A new law requiring Hong Kong public schools to raise the Chinese flag and sing China’s national anthem once a week can be “dangerous” and “ineffective” as part of a move by Beijing to promote a sense of Chinese identity in Hong Kong among students, according to experts.
Starting at the beginning of next year, all public kindergartens and primary and secondary schools in the former British colony will be required to display the national flag on every school day and conduct a flag-raising ceremony with singing of the national anthem once a week.
The mandate was announced after the contentious national anthem ordinance took effect in mid-June this year. It criminalizes any act authorities consider “insulting” to the national anthem or the national flag. Offenders are subject to a maximum fine of over $6,400 and three years in jail. It is widely seen as the government’s move to muzzle opposition voices, after Hong Kong football fans booed the Chinese national anthem at several games.
The new policy aims to “promote national education and help students develop a sense of belonging to the country, an affection for the Chinese people and enhance their sense of national identity,” according to an Oct. 11 government statement.
More than 80% of public schools have been seen raising the Chinese flag more frequently this year than before, according to a survey from the Hong Kong Federation of Education Workers.
Jack, a 17-year-old secondary student who wants to stay anonymous out of fear of repercussions, said his current school is one of them. He and other students are required to stand up and sing the national anthem during a flag-raising ceremony each Friday morning.
“This [new policy] might work on some younger students like those in the kindergarten, but some others like us. It is rather annoying and makes us grow even more repulsed at the ritual,” Jack told VOA.
His school used to conduct the flag-raising ceremony about once a year during special occasions but the frequency shot up this year amid authorities’ increasing pressure to promote national identity awareness.
Jack is among those in his class who refuse to sing the national anthem during the classroom ceremony. Their class teacher, who requested anonymity for the same reason as Jack did, said no one in the class takes it seriously.
“Some teachers and students don’t like the new policy, so we stand, but we don’t sing. Singing the national anthem or not is not important -- it’s just a ritual. Do you think students grow more pro-China the more times they sing?” the teacher told VOA.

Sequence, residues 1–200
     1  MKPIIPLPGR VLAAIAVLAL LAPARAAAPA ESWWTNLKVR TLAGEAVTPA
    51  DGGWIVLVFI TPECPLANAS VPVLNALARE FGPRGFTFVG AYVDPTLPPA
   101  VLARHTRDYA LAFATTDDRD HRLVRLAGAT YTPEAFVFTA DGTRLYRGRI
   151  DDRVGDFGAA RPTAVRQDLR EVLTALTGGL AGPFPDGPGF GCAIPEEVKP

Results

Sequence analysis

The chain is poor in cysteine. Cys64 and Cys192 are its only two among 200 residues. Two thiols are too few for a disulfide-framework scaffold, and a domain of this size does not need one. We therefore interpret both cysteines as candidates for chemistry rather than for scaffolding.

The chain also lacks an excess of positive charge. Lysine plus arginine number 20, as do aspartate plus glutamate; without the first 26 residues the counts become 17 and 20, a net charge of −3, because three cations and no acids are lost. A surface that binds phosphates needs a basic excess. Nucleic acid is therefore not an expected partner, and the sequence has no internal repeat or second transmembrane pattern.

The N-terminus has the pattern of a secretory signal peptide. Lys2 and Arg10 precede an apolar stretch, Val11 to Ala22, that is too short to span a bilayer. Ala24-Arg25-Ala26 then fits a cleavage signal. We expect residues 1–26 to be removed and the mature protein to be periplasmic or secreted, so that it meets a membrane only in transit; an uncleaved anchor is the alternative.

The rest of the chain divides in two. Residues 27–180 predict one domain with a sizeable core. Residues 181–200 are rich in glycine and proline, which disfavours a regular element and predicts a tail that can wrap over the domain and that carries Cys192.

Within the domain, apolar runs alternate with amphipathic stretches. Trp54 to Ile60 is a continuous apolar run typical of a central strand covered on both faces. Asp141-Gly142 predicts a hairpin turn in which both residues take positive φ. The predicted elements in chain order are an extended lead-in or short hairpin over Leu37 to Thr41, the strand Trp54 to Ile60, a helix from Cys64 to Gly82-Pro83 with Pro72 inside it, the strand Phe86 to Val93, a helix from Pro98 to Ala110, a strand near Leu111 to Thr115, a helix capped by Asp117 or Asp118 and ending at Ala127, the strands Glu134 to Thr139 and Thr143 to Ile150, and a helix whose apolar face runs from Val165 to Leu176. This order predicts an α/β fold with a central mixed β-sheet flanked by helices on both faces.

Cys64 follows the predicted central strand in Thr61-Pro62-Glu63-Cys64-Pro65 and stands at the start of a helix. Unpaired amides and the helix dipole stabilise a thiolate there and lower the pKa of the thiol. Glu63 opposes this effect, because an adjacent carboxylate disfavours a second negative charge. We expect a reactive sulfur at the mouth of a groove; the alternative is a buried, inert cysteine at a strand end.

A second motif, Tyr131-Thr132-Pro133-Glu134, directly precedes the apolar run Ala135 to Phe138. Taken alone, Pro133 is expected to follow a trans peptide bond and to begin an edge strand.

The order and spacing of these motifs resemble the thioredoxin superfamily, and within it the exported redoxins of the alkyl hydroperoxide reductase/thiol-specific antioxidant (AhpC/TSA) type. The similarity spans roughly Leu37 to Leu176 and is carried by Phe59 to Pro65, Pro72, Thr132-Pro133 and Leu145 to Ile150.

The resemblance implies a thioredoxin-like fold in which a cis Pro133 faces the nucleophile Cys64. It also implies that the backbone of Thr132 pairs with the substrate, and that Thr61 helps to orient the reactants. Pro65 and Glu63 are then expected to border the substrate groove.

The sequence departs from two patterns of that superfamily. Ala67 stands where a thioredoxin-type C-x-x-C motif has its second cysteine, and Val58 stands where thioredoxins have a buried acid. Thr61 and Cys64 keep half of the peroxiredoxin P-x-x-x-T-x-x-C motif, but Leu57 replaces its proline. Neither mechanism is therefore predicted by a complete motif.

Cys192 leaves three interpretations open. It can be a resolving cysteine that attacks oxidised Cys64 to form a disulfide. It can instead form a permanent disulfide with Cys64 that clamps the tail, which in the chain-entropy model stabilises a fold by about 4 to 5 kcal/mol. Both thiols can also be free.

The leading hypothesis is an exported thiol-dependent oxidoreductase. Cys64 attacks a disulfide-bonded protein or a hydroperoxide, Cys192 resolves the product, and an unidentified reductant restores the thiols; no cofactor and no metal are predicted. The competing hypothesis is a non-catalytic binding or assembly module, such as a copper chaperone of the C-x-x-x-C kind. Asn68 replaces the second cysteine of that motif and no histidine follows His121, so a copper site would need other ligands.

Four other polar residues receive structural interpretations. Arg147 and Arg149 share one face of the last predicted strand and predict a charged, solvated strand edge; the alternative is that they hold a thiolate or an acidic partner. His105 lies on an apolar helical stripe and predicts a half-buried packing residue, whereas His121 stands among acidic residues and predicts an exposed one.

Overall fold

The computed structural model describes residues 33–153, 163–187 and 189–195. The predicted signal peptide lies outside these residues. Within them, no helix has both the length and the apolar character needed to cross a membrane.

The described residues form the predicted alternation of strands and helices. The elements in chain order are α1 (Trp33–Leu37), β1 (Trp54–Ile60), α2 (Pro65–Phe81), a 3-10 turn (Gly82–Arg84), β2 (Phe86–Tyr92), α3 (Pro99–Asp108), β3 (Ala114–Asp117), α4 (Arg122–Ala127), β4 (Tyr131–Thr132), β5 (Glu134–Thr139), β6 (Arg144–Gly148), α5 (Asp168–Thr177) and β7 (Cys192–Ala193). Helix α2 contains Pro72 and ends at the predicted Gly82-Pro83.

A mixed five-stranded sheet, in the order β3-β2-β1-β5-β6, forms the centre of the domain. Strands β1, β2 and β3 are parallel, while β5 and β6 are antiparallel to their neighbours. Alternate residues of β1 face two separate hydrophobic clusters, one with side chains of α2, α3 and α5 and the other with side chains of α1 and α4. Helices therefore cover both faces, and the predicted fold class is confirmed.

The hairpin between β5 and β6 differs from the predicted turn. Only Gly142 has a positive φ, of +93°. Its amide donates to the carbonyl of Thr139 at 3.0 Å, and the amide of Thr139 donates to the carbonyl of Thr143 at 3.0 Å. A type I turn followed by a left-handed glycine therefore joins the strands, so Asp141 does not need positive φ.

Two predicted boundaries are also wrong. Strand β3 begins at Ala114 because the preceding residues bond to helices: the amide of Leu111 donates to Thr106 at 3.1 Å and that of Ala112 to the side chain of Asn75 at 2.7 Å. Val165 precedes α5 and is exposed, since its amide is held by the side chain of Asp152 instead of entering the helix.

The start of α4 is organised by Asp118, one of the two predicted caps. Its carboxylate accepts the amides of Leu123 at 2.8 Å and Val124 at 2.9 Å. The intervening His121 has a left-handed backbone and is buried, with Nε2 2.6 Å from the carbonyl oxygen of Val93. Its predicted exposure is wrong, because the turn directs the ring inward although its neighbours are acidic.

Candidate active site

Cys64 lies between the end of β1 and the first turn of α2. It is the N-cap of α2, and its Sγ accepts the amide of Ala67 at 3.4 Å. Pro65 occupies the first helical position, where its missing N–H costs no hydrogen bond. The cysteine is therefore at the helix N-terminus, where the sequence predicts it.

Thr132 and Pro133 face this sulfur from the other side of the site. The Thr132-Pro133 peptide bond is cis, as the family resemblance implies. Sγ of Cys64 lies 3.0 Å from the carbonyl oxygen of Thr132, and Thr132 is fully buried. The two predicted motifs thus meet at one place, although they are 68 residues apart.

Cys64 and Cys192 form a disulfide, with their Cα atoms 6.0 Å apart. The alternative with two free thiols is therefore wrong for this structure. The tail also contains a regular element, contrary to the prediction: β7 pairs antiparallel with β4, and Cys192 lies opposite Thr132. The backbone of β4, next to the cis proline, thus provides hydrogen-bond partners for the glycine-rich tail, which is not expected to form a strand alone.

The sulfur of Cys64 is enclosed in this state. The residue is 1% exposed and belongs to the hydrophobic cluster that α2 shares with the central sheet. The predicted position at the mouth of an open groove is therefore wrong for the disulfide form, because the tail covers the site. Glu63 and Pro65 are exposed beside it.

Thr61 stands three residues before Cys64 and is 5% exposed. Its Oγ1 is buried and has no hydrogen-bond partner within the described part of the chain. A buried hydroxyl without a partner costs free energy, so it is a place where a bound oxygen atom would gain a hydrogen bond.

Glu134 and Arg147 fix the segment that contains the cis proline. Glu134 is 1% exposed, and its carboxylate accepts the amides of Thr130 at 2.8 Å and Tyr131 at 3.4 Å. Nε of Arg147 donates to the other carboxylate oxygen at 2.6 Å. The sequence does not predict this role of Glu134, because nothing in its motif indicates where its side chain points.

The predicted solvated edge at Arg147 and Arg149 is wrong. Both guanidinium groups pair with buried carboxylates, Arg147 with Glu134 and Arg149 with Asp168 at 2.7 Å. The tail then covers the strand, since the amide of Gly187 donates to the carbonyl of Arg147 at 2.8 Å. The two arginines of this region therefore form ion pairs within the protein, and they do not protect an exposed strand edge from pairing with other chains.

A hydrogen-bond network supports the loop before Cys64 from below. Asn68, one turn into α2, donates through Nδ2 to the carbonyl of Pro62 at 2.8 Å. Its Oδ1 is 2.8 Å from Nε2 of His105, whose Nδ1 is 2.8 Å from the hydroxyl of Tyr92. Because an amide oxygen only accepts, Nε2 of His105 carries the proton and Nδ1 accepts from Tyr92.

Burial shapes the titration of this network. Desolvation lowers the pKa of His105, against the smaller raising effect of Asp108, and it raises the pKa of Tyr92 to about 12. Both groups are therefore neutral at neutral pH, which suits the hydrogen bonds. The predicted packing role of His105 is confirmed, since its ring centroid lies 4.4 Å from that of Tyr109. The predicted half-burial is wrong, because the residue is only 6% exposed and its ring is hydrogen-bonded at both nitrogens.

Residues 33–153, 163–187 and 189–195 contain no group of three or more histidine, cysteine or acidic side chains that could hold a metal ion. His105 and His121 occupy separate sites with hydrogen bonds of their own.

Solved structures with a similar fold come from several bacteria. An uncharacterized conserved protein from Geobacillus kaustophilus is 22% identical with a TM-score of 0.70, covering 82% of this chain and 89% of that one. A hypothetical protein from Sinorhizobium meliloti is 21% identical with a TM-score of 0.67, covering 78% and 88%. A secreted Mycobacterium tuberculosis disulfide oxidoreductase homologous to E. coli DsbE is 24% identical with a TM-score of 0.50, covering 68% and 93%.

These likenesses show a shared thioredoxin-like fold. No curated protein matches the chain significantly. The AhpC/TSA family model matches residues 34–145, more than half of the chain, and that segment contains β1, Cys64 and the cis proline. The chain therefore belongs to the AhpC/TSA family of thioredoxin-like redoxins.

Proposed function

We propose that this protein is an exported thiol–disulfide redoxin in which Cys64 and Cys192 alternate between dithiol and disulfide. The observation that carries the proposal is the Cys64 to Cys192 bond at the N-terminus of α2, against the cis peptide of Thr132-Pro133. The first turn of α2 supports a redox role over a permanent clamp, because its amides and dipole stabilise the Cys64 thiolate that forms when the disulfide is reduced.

Jan Currie, professor of education at the Murdoch University who wrote a book on Hong Kong’s academic freedom, called the new school mandate an “indoctrination.”
“The policy … is the start of trying to make them [students] Chinese citizens in a one-China nation. It is much like what happened in Eastern Europe in the aftermath of WWII, when the Soviets occupied those countries and began to form the youth into communist-believing children and young adults,” Currie told VOA by email.
“It is a form of soft indoctrination that begins with things like having the children identify with the flag and the national anthem, and then will encroach on the curriculum to introduce Marxism-Leninism-Maoism,” she said.
Students in Hong Kong will also be educated on the “history and spirit of the national flag and national emblem, the regulation of displaying and using the national flag, and the etiquette to be followed in a national flag-raising ceremony,” a spokesperson for the city’s Education Bureau said in a statement.
Under the national security law, students “making insulting gestures or adding insulting signs to the national flag while singing the national anthem” are considered offenders, according to an editorial in China’s state media outlet Global Times.
“We teachers are told to take students who don’t cooperate outside the classrooms, or in a large-scale ceremony, outside the hall,” Jack’s teacher said.
“Schools will not call the police though, because they also don’t want to lose face,” she said.
Asked if the new mandate will be effective, Currie predicted, “the new policy may be effective if they start with the very young and look at playing a long game that will take a generation or two to change. It may be more difficult today because social media can also draw the youth in other directions.”
Jack’s teacher also showed reservations about the effectiveness of the new mandate.
“Hong Kong students are not the same as the ones in mainland China. They have been trained on critical thinking, and challenge teachers when they can,” she said.
“Other measures, like allowing students to understand Chinese culture and talk with mainland Chinese, will be much more effective than this ritual,” she added.